30 years after his death, King still gives us anwers

January 18, 1998|By Carl O. Snowden

TOMORROW, Anne Arundel Community College will host the 17th annual Dr. Martin Luther King Jr. Memorial Breakfast. Sen. Barbara A. Mikulski will address the audience on this event, which marks the federal observance of the birthday of Dr. King. ** Gov. Parris N. Glendening, Anne Arundel County Executive John G. Gary, Annapolis Mayor Dean L. Johnson and other elected officials and community leaders will extend greetings. This annual breakfast recognizes the contributions that individuals in the county have made to keep the dream of Dr. King alive.

Another event also is planned for 5: 30 p.m. tomorrow at Asbury United Methodist Church, 87 West St. in Annapolis. Maryland State Police will meet with about 100 community leaders to brief them on a Ku Klux Klan rally scheduled for the state capital Feb. 7. The KKK has scheduled its demonstration to protest that Maryland celebrates "Black History Month" in February.

Thirty years after the assassination of Dr. King, we are still faced with challenges of racism. The progress in Anne Arundel County has been painfully slow.

Examples of progress

We can point, however, to numerous examples that demonstrate progress. Just last year, voters in Annapolis elected their first African-American female alderman. At the county level, blacks hold positions of superintendent of schools and chief administrative judge of the Circuit Court.

Few can argue that change has not taken place in our county. When I was growing up in Annapolis, signs read "whites" and "colored." Thanks to Dr. King and others, change has indeed taken place in our nation.

Yet, the demonstration of the Klan also indicates that problems related to race still plague our society.

Angelou and Twain

I read with great disappointment that Anne Arundel County school officials have removed from the ninth-grade English curriculum Maya Angelou's "I Know Why the Caged Bird Sings" because some white parents have described it as "anti-white."

Ironically, concerns about negative portrayals of African-Americans by black parents, such as in Mark Twain's "The Adventures of Huckleberry Finn," have received little attention. For the record, I believe in free speech and strongly support both books being read by our children.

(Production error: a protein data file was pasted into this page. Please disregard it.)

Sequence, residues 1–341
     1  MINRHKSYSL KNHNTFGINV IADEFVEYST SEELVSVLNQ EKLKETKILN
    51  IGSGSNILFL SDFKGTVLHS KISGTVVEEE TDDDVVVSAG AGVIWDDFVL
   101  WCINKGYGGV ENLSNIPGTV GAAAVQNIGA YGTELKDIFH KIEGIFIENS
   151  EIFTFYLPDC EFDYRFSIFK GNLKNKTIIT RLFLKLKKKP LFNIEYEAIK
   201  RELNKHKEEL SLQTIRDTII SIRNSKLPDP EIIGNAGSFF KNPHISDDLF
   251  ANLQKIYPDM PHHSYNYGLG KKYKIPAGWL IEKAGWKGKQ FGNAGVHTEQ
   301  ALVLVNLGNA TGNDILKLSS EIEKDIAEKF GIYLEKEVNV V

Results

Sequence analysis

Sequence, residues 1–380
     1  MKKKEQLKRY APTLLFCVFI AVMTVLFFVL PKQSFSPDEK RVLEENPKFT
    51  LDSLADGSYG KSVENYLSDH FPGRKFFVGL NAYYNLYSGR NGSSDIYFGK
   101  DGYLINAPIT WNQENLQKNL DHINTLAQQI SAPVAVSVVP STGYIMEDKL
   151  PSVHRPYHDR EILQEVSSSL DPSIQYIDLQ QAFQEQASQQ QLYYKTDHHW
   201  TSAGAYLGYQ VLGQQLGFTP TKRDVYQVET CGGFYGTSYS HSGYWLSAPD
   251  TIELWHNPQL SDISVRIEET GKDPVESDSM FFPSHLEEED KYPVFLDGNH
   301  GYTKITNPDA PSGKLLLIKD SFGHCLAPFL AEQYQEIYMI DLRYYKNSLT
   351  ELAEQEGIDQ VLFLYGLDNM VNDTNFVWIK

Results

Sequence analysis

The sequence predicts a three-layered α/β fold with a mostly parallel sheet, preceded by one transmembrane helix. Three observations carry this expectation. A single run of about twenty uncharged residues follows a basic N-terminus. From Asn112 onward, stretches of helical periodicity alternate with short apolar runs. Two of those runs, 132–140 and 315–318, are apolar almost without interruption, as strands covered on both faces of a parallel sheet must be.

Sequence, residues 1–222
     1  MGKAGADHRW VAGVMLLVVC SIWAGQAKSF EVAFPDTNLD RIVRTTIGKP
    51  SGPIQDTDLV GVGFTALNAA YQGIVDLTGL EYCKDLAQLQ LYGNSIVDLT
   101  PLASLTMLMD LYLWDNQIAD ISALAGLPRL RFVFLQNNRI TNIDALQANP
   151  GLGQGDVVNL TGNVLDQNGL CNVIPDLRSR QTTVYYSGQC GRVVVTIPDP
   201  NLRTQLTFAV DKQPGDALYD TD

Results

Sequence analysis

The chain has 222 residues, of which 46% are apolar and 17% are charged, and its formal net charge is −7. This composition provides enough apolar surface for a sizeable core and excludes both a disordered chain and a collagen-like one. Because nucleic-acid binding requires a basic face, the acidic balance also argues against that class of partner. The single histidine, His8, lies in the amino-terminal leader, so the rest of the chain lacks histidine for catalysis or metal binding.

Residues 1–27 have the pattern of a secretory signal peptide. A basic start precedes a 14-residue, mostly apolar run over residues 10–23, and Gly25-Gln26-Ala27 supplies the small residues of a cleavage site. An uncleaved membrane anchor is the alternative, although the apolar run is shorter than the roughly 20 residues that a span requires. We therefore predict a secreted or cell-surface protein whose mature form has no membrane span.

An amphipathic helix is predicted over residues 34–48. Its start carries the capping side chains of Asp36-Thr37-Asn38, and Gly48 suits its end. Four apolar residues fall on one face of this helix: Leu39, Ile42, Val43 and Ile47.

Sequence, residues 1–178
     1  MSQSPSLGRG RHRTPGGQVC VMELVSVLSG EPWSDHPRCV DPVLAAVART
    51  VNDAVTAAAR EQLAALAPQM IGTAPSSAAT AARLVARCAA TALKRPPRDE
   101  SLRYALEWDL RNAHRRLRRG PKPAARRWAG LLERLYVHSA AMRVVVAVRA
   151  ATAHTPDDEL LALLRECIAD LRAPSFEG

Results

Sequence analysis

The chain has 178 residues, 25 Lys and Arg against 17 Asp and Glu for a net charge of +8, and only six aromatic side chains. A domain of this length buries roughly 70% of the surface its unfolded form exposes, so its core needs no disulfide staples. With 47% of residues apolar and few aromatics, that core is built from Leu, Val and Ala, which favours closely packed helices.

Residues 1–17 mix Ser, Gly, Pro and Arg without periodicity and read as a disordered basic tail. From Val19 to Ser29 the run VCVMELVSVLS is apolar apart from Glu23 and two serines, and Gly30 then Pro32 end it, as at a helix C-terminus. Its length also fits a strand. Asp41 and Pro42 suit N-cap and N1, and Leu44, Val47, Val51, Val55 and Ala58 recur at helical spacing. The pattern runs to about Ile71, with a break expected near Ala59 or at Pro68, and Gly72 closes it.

Four years ago, when the Klan demonstrated at the State House, more than 1,000 citizens, including Mr. Glendening, marched from the Kunta Kinte plaque downtown to First Baptist Church on West Washington Street to express their opposition. The demonstration was orderly and nonviolent in the best tradition of Dr. King.

Tomorrow, we will again as a community decide how we want to address the demonstration. I suspect that a majority of citizens will express their vigorous opposition to these bigots. I intend to be on the front line in opposition to their message of hate.

Today, more than ever, we need leaders who will work to bring together our city, county and state. We need leaders who will put forward an agenda that is visionary and inclusive.

King left an answer

Many people ask, "How long will prejudice blind men and women? How long will it take to end racism in our society?"

Fortunately, Dr. King left us an answer.

"How long? Not long, because no lie can live forever," Dr. King said. "Truth crushed to the earth will rise again.

"How long? Not long, because you still reap what you sow.

"How long? Not long, because the arc of the moral universe is long, but it bends toward justice."

In the final analysis Dr. King was not just a dreamer. He was a leader. Our nation is far better off because of his leadership. Today, if we truly want to honor Dr. King, let us begin making his dream a reality. "A Luta Continua": the struggle continues.

The writer is a former Annapolis alderman.

Pub Date: 1/18/98

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